STEM disciplines will be at the center of the programs. This will enable students to be inspired by best-in-class faculty who will encourage students to become active participants in the program - participating in class discussions and arousing their curiosity to go beyond their limits.

Per my earlier note about diverse lived experiences being a key benefit of the W50 Board of Directors, it is imperative that equal opportunities exist for all students and their mental and physical wellbeing are considered by designing a variety of undergraduate programs.  

This is my vision on how we can make our country, and the world, better.

I am focusing on Higher Education in my vision, however, the world is constantly changing,-as we’re experiencing firsthand with the current pandemic- and we, as humans, can better lead that change through lifelong learning.

Montse Puig, Chief Corporate Officer at Tangelo Games
Laura Fitzgerald and Montse Puig  in a group picture of the scholarship

Good morning Laura, thank you for participating in the discussion today. 

Interviewer: What was the most important aspect of the W50 for you?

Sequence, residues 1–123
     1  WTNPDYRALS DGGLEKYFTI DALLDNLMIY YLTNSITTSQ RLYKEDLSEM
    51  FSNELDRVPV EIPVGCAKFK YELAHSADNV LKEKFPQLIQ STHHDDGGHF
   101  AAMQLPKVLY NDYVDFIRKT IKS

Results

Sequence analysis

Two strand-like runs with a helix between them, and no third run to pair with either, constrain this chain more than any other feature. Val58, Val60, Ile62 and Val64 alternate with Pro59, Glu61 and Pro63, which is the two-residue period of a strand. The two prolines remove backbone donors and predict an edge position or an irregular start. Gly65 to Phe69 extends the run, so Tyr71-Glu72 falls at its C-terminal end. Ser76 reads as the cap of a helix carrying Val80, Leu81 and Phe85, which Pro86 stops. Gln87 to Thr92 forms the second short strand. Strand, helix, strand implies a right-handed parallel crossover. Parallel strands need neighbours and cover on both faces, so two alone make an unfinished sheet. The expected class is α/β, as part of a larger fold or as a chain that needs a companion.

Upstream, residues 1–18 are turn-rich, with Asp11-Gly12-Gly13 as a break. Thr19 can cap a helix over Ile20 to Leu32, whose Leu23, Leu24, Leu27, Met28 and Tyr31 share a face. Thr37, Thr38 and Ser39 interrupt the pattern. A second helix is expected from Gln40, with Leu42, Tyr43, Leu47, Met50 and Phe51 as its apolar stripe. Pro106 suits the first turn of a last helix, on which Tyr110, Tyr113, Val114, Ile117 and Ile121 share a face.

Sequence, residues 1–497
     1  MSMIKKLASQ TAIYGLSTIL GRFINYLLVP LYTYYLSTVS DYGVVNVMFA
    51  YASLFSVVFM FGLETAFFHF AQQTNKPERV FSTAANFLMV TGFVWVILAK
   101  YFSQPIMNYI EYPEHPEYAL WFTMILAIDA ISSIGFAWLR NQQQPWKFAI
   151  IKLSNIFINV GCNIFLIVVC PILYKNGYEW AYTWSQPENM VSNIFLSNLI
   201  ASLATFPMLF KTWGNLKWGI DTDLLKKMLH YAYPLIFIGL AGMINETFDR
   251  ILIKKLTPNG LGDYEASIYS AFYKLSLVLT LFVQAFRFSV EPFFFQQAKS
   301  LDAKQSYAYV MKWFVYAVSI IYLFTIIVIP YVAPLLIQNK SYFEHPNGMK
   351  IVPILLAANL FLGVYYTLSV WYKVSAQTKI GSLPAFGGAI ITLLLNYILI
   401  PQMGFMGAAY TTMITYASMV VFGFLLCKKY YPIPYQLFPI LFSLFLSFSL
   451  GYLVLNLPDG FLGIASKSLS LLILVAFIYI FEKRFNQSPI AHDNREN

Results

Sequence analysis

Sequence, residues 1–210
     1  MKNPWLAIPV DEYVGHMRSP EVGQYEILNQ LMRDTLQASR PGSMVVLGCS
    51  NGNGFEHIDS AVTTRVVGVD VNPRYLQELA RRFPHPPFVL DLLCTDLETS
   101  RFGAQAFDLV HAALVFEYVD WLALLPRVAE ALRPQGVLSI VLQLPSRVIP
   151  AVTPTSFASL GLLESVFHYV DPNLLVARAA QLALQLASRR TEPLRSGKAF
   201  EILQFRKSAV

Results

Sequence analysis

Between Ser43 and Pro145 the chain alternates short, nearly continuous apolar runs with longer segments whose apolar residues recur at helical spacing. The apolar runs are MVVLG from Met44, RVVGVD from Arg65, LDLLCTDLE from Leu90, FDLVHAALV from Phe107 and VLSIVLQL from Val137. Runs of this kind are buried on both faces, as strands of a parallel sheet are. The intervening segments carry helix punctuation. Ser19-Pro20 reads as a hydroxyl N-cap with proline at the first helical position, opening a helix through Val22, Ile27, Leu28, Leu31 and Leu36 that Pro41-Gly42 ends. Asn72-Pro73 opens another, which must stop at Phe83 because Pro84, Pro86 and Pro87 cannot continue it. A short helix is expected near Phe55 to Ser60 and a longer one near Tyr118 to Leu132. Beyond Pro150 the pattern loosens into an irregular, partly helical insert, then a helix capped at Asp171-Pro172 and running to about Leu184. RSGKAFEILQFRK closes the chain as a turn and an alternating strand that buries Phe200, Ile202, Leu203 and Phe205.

Laura: A strong theme that carries through the W50 program is the importance of continuous learning and upskilling to address the changing workforce and rapidly evolving technology, regulation, compliance and legal frameworks. 

Upskilling and continuous learning is critical for the C-suite and their organisations to continue to evolve to meet the challenges of the transforming world, changing business models and technological developments.  

A recent PWC report highlighted the increasing plight automation is on the workforce, “Women workers could be more affected by automation over the next decade, but male jobs could be more at risk in the longer term.” Women’s participation in science, technology, engineering, and mathematics (STEM) continues to have a low representation. As Monserrat points out, improved STEM skills (particularly for women), will be important as automation increases and new technology jobs emerge over the coming years.

The world of work is changing dramatically and the benefits of automation and AI to businesses are compelling and cost effective. Although varying by industry, the advent of automation will substantially impact the traditional workforce. To mitigate this, companies and countries will require substantial workforce retraining and upskilling in order to improve workforce mobility particularly with an aging workforce and an economy where people may need to retire later in life.

Board members and leadership teams now recognise that human capital is a company’s greatest asset and learning is a necessity to stay competitive and drive innovation. Leadership are now shifting focus on recreating growth and need to establish a mindset of reinvention and renewal in order for their organisation to thrive.